Mickey Mantle: Jane Leavy talks about "The Last Boy"
Mickey Mantle biographer Jane Leavy talks about her quest to find the real man lurking behind Mantle's image.
Mickey Mantle was a superstar who left a legacy of unrealized potential.Skip to next paragraph
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By all indications, he could have been a better athlete, husband, father, and role model. If only he hadn't tripped in the outfield in that 1951 game. If only his family hadn't damaged him so much as he grew up. If only almost everything was different, yet mostly the same.
Such is the conundrum of the man from a tiny Oklahoma mining town who never left the public eye after putting on Yankee pinstripes. He was great but not the greatest, a flawed man with much to confess in a confessional era. His fans love him anyway, despite the alcoholism and adultery and one bad decision after another.
Former sportswriter Jane Leavy interviewed hundreds of people as she sought to understand Mantle, even quizzing linguists about why his four-syllable name rolls so beautifully off the tongue. As the World Series loomed this week, I asked Leavy about what she discovered during the research for her thoughtful and tender new book The Last Boy: Mickey Mantle and the End of America's Childhood.
Q: What were you hoping to learn about Mickey Mantle?
I set out to answer a question posed by a man named Cromer Smotherman, who was a teammate of [Mantle's] in 1950 in Class C ball. The manager assigned this guy, a first baseman, to be Mantle's minder, to keep an eye on him and help try to regulate his moods because he was so hard on himself when he didn't do as well as he ought to have.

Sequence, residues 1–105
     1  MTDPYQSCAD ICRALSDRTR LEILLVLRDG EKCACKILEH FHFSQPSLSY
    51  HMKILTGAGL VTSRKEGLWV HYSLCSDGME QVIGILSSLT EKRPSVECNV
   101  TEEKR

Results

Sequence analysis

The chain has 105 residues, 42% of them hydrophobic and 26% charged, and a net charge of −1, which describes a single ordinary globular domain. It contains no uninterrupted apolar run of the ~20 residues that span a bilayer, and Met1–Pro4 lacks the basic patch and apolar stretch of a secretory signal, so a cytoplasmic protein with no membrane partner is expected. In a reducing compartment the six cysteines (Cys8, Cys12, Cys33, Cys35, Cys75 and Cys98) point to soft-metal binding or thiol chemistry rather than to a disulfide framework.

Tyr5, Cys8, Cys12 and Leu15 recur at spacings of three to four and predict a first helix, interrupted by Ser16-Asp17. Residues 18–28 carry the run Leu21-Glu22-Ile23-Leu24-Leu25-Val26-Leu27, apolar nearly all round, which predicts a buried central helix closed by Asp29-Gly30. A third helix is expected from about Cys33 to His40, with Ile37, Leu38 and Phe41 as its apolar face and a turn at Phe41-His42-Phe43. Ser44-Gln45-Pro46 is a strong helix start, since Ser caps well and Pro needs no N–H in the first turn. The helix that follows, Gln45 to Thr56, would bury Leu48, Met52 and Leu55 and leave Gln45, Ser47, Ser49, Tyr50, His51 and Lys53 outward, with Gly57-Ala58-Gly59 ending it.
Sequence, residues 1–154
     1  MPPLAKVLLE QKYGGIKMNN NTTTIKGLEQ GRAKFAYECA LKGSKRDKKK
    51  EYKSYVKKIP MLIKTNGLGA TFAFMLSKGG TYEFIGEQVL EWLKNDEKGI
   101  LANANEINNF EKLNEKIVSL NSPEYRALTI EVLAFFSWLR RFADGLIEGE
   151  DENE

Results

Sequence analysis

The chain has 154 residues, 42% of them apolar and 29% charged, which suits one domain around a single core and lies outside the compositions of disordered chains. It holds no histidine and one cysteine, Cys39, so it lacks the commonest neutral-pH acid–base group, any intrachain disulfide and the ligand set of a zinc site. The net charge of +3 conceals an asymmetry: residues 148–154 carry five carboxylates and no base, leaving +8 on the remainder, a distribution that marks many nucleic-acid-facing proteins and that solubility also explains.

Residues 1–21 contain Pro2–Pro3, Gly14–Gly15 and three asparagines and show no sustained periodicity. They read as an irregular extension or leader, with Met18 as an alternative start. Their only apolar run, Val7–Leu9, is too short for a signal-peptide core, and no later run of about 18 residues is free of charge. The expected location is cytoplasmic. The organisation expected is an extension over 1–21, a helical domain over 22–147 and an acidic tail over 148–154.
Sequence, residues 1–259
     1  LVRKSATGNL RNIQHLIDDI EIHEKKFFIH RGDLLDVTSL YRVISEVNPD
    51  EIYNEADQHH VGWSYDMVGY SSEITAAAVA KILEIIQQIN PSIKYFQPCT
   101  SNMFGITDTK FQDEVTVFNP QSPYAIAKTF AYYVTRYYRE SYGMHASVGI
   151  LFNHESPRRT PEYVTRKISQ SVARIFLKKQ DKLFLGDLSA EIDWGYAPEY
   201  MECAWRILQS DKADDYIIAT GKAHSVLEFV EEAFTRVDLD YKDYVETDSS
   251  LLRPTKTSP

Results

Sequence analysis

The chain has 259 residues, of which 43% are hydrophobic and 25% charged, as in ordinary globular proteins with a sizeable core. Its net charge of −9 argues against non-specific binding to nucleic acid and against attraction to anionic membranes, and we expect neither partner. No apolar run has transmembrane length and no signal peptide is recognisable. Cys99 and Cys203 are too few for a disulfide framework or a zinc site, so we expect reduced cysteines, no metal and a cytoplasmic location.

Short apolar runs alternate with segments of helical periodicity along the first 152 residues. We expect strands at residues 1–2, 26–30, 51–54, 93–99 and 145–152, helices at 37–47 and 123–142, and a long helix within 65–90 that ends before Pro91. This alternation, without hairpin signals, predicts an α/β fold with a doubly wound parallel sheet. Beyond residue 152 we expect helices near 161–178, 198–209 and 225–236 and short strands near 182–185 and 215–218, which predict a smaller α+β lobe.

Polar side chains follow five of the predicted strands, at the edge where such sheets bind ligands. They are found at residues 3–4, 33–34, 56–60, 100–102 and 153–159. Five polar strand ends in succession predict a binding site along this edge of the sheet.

I asked this guy, "If you could speak to Mickey today, what would you ask him, what would you want to know?" The man actually got fairly choked up, and he said, "Mickey, why did you do it? Why did you choose to lead the life that you led? What happened? You were not that kind of person."
Those became my marching orders: to answer that question and to answer a second question: Why does he still have purchase on the American imagination 15 years after his death and decades after he played his last game? I was at a luncheon today and there were people lining up to buy the book who weren't born when he was playing.
Q: What made him unique?
There was a sense of optimism in the profligacy of his talent, the riches of his sheer power and speed. A miner's son in a godforsaken corner of the country that had been and would continue to be devastated by horrible environmental pollution, he seemed to epitomize what was best about us. He seemed to touch a sense of our potential, our resources and our strengths. It was that coast-to-coast smile, a name that had the meter and cadence of poetry.